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The Face on the Bodega Wall

It’s all about that disembodied head.

I walked into Chansky’s Super Market in Brighton, MA, determined to find out what it meant and who it was. But something odd occurred. I asked to speak to the manager, and a man named Lorenzo Bennett replied, “How can I help you?” He told me about the history of the store, its beginnings in 1913 and – accounts differ on this – whether it was a kosher meat market or a Jewish corner store. Well, I thought, surely the owner would know. Could I speak to him? Lorenzo hesitated, looking sheepish. Suddenly someone piped up: “I’m the owner. I’m Doug Labb. I bought it from my father, who tries to stay retired.”

Doug Labb, Owner
Doug Labb, Owner

Doug Labb, after initially “staying in the background,” warmed up and told me about his store: his plans to expand into prepared foods and a kitchen, his community ties, and his work techniques, such as the way he “steals [design] ideas” from shops as far away as Australia. He also revealed his struggles with the city to put up an awning, one that would shield the store from the summer onslaught. The city delayed the permit for eighteen months. The Brighton-Allston Historical Society (Aberdeen District) wasn’t convinced that the store should even have an awning. Eventually, the permit was issued.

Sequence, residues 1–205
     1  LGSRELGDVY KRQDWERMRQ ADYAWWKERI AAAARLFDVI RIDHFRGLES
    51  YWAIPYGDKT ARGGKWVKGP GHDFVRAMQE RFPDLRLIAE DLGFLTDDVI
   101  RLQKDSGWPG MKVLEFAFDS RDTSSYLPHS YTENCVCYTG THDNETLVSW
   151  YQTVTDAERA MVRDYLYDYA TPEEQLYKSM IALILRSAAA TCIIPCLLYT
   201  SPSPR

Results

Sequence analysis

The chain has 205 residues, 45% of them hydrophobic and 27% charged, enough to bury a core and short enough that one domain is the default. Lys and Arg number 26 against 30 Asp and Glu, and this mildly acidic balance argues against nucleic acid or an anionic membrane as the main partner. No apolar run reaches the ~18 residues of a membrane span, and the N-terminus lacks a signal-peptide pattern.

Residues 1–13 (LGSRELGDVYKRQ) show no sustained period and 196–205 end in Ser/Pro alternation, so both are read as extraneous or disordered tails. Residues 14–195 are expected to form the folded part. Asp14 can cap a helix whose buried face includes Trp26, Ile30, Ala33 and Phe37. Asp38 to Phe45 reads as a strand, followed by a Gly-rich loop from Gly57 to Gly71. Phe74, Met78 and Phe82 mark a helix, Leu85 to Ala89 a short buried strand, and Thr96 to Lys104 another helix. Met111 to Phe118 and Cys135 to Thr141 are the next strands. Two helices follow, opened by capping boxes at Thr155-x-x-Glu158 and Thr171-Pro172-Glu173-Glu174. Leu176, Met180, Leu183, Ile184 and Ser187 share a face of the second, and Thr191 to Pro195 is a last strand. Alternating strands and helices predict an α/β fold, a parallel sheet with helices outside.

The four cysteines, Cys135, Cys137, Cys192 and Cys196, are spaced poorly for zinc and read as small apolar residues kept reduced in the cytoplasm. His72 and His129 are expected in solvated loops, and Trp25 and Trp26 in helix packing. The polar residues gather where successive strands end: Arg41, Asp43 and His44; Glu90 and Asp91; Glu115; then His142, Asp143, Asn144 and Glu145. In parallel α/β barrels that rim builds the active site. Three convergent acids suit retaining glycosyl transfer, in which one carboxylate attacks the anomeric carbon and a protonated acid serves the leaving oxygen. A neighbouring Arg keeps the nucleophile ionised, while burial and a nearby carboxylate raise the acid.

Now the store has a distinctive and mysterious portrait on that awning. So who is it? It’s not Mr. Chansky, the original owner of the store many years ago. It’s the previous owner, Doug Labb’s father Paul. Apparently Paul, while vacationing in San Francisco, had a street artist paint his picture. Doug liked it so much he hired a sign painter to reproduce it for the new awning. In solving this mystery, I received more information than I’d sought and got a free T-shirt adorned with Paul Labb’s visage.

Peter Bates

Peter Bates is a writer and photographer living in Florida. He is the administrator of this blog and runs the blog Stylus.

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  1. Love this! There is so much history and there are so many stories around us on the streets and corners of our neighborhood or the places we work. We pass things every day. Sometimes we don’t notice things until they are gone. Landscapes tell narratives; we just have to stop and look and listen and think.

    • ptbates1 ptbates1

      Thanks Stephanie! I really appreciate your comments.

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